As negotiations begin in earnest on Capitol Hill for another coronavirus relief bill, advocates are warning that the needs of people with disabilities are on the verge of being ignored again.

U.S. Senate Republicans unveiled their $1 trillion proposal this week to address the ongoing pandemic. The legislation, known as the HEALS Act, calls for another round of stimulus payments to individuals, liability protections for businesses and funding for schools, among other initiatives.

However, disability advocates say what’s most notable is what’s missing.

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“Despite months of concentrated advocacy, it includes no new funding for Medicaid or for home- and community-based services,” said Julia Bascom, executive director of the Autistic Self Advocacy Network, who described the bill as “a slap in the face for the disability community.”

The Senate GOP plan comes two months after Democrats passed their own bill in the House of Representatives. That $3 trillion measure was widely praised in the disability community for featuring $13 billion in additional federal funding to states to pay for Medicaid home- and community-based services and added benefits for direct support professionals.

Disability advocates have spent the summer pressuring Senate Republicans to include similar provisions as they worked to craft their bill.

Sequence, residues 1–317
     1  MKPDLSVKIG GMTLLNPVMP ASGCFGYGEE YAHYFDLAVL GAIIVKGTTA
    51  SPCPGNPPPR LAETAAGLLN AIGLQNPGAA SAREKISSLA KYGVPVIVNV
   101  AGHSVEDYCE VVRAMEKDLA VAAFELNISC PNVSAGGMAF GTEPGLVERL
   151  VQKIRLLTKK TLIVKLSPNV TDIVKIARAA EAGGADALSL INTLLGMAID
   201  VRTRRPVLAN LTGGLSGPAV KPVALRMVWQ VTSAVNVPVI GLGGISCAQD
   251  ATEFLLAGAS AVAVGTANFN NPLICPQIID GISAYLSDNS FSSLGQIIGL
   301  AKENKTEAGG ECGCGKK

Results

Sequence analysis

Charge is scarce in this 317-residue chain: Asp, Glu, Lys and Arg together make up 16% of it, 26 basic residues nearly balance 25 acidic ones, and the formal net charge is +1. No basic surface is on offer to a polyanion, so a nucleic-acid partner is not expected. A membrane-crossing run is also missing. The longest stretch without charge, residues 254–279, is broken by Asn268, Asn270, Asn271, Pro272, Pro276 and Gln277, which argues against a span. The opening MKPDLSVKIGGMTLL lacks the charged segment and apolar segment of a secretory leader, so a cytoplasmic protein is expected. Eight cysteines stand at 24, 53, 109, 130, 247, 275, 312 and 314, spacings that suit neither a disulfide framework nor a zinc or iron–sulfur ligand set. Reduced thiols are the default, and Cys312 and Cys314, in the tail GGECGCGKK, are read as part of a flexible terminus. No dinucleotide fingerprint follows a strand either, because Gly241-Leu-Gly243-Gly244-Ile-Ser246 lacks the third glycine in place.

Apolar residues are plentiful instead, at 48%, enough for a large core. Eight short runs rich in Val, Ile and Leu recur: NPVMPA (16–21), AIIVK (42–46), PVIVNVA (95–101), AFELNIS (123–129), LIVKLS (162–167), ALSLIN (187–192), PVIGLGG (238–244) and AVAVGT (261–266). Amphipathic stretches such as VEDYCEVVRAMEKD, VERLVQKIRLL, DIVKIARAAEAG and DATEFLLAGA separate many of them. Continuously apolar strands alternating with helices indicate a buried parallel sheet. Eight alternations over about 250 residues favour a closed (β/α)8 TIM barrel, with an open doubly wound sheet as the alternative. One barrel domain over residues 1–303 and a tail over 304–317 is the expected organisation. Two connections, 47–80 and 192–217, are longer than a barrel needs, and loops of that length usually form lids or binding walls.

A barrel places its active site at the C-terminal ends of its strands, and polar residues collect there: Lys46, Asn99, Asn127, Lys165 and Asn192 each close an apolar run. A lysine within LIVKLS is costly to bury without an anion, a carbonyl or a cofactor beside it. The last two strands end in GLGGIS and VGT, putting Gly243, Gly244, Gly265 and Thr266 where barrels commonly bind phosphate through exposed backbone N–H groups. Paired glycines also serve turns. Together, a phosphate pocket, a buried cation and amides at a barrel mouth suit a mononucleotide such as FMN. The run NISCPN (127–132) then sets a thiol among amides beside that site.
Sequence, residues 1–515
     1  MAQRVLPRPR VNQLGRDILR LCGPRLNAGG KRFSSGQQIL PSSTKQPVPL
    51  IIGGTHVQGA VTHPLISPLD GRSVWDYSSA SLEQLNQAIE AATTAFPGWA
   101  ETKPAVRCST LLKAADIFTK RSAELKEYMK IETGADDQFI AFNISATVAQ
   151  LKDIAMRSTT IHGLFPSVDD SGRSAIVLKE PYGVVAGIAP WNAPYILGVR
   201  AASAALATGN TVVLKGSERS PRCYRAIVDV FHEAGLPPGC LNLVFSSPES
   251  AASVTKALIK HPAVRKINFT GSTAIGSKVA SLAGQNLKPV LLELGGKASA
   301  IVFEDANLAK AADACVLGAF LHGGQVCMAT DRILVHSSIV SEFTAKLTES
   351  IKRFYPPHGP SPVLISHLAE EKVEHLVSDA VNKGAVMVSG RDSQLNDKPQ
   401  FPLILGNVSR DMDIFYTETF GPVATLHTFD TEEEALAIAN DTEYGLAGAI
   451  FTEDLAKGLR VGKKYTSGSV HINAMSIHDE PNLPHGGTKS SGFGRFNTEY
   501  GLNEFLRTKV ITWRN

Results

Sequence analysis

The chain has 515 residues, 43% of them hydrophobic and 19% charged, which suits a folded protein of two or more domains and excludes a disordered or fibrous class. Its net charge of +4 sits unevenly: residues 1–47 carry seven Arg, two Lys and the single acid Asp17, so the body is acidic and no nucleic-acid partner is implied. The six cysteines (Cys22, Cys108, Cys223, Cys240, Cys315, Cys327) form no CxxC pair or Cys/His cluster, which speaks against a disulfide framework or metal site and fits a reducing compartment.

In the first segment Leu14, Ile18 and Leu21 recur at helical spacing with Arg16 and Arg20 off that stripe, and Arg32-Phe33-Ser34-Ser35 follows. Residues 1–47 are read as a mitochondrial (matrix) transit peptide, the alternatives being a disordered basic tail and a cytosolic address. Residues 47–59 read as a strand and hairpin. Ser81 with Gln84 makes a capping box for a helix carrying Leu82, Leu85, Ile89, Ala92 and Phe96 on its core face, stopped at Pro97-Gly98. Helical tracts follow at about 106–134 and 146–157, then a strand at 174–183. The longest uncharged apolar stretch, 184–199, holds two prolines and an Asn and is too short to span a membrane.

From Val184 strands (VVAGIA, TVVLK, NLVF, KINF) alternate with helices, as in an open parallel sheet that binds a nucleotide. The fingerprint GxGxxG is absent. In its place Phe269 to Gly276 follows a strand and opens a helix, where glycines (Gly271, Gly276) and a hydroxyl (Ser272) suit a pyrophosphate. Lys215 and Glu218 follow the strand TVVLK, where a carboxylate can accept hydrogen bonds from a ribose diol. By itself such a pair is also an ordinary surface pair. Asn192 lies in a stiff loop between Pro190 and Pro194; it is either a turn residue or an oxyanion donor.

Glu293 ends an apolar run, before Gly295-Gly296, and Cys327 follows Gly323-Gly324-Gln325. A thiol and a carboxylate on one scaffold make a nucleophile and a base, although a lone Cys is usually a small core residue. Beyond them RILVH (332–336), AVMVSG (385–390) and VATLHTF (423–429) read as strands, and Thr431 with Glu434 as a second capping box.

“As the disability community has made clear, this funding can be the difference between a person with a disability staying safely in their own home, versus a person with a disability going into an institutional setting where COVID-19 is spreading like wildfire,” Bascom said. “The Senate has made it clear that this is intended to be their final COVID-19 relief package. It is horrifying that they would consider their job done without addressing this.”

Like the bill approved in the House, the Republican measure introduced in the Senate does include another round of one-time $1,200 cash payments to many Americans earning less than $75,000 annually, with tiered amounts beyond that. Dependents of any age — including adults with disabilities — would qualify for a $500 payment and those receiving benefits like Supplemental Security Income would be eligible.

The Republican proposal does not extend liability protections to schools related to implementation of the Individuals with Disabilities Education Act, as had been sought by groups representing school leaders.

But, it would weaken protections under the Americans with Disabilities Act by limiting the rights of people with disabilities to sue businesses for violations of the civil rights law.

“Not only does (the bill) not include components that we want, but it would eliminate many of the protections of the Americans with Disabilities Act, including waiving some provisions for five years, well beyond the pandemic period,” said Nicole Jorwic, senior director of public policy at The Arc.

Jorwic noted that this would be the fourth major COVID-19 relief bill to “completely ignore” the needs of the disability community, even though she said lawmakers on both sides of the aisle have been very understanding of the value of home- and community-based services, particularly amid the pandemic.

“We are hopeful that as negotiations continue, there will be a middle ground,” Jorwic said.